Patients 28 days to 18 years of age requiring maintenance intravenous fluid therapy should receive isotonic solutions (which have a sodium concentration similar to plasma) with appropriate levels of potassium chloride and dextrose to reduce the risk of hyponatremia!
- A colloid is a high molecular weight substance; that mostly remains confined to the intravascular compartment; and thus generates oncotic pressure
- Administration: : Their use is controversial, but they may be indicated in combination with crystalloids (for more information, see the table in extra information below).
Although colloids are much more effective than crystalloids as intravascular volume expanders, they are more expensive and are also associated with more side effects than crystalloids without being demonstrably superior. Their use is, therefore, controversial!
- IV access: : The intravenous route is most commonly used for administering fluids and/or medication
- IO (intraosseous) access
Central venous access
- Central venous catheters are longer and hence permit a slower flow rate than peripheral venous catheters; with the same lumen diameter. However, a much higher flow rate can be achieved with special large bore central venous catheters (e.g., high-flow Hickman catheters, Shaldon catheters)
- Fluid resuscitation in a patient with “difficult/collapsed” peripheral veins (when IO access in not feasible)
- Hemodynamic monitoring: measurement of central venous pressure, pulmonary artery catheterization
- Administration of veno-irritant substances: vasopressors, chemotherapeutic drugs, prolonged parenteral nutrition
- Measures to reduce risk of infection during placement (e.g., CLABSI)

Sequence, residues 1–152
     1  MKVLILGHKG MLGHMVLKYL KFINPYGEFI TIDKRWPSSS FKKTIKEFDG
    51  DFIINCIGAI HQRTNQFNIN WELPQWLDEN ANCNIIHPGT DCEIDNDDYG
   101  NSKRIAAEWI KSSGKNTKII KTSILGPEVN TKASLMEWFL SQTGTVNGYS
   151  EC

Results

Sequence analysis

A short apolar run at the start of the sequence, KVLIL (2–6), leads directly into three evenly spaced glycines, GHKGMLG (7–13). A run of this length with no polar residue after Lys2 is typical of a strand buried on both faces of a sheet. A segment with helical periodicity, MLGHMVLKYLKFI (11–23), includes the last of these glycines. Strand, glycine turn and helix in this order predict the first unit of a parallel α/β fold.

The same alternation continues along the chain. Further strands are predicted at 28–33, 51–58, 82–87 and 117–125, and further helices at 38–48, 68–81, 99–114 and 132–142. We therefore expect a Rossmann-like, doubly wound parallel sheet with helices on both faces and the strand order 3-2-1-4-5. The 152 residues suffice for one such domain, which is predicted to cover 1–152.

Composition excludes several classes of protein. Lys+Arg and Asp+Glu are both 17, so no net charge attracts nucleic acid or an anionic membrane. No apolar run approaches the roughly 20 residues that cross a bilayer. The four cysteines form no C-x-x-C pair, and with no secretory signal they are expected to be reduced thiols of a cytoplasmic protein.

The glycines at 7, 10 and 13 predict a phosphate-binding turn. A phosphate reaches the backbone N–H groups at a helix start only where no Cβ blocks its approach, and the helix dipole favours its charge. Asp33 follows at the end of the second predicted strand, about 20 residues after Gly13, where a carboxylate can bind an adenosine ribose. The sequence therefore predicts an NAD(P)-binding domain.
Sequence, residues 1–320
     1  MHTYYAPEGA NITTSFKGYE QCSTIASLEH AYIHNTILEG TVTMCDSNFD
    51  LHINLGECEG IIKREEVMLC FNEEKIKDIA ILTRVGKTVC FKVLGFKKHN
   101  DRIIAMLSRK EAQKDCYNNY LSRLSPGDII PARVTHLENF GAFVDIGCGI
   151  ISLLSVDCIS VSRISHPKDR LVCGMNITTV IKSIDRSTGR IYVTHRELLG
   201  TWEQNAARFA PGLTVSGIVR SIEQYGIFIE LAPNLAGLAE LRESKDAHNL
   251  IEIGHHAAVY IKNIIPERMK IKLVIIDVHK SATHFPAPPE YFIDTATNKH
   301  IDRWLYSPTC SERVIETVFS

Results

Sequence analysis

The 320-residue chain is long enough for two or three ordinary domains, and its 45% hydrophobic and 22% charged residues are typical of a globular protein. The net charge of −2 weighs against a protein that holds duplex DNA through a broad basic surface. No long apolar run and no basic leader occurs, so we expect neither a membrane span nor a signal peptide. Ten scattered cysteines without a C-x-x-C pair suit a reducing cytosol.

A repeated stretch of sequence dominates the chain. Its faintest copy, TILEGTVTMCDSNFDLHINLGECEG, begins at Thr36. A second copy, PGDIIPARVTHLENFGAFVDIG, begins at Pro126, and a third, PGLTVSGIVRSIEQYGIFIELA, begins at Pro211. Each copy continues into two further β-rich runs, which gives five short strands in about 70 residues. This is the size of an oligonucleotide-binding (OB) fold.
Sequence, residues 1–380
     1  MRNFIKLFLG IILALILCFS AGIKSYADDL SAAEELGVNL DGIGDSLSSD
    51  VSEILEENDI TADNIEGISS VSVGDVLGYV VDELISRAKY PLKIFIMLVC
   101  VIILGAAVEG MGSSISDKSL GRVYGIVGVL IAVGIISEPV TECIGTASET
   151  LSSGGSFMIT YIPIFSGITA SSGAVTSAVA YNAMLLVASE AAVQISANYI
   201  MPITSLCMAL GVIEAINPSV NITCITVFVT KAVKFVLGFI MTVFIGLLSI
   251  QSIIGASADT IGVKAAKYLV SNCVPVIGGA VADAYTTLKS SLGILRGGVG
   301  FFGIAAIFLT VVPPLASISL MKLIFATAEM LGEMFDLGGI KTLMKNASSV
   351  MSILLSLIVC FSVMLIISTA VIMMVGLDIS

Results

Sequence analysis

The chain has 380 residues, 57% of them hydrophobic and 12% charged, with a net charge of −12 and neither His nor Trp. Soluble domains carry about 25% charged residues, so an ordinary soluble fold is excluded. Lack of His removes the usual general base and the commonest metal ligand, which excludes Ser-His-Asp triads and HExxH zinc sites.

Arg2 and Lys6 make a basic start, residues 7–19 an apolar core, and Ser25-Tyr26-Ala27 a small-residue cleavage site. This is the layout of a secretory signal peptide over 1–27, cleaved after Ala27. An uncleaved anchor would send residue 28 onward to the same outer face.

- Use a cap, mask, long-sleeved sterile gown, sterile gloves, and a sterile full body drape.
- Prepare skin with chlorhexidine and alcohol before inserting the catheter.
- Systemic anticoagulation and antibiosis may be considered in oncology patients who require long-term central venous access.
Technique of insertion: is based on the Seldinger technique, which involves the use of a guide wire to gain access to blood vessels.
- A special, wide-bored needle (trocar) is inserted into either the jugular , subclavian, or the femoral vein with/without ultrasonographic guidance.
- Following needle insertion, a guide wire is passed through a needle into the selected vein
- The needle is removed while maintaining the guide wire in position and the central venous catheter is passed over the guide wire
- Once the central venous catheter is in place, the guide wire is slowly removed
- Proper positioning of the central venous catheter (in the case of jugular or subclavian approaches)
The flow rate is subject to Poiseuille's law: The flow rate is 16 times slower if a lumen's diameter is halved, but flow rate doubles if the catheter's length is halved!
- The indication for fluid therapy determines the amount of fluid administered and the rate of fluid therapy (see “General indications for fluid therapy” above).
- Hemodynamic measures: pulse, blood pressure, capillary refill time, jugular venous pressure (or central venous pressure)
- Monitor for complications of IV fluid therapy, which include:
- Fluid balance charts: These charts should record the fluid intake (total amount of fluid administered) and fluid output (urine output, output from surgical drains, and, if applicable, the volume of loose stools or vomit)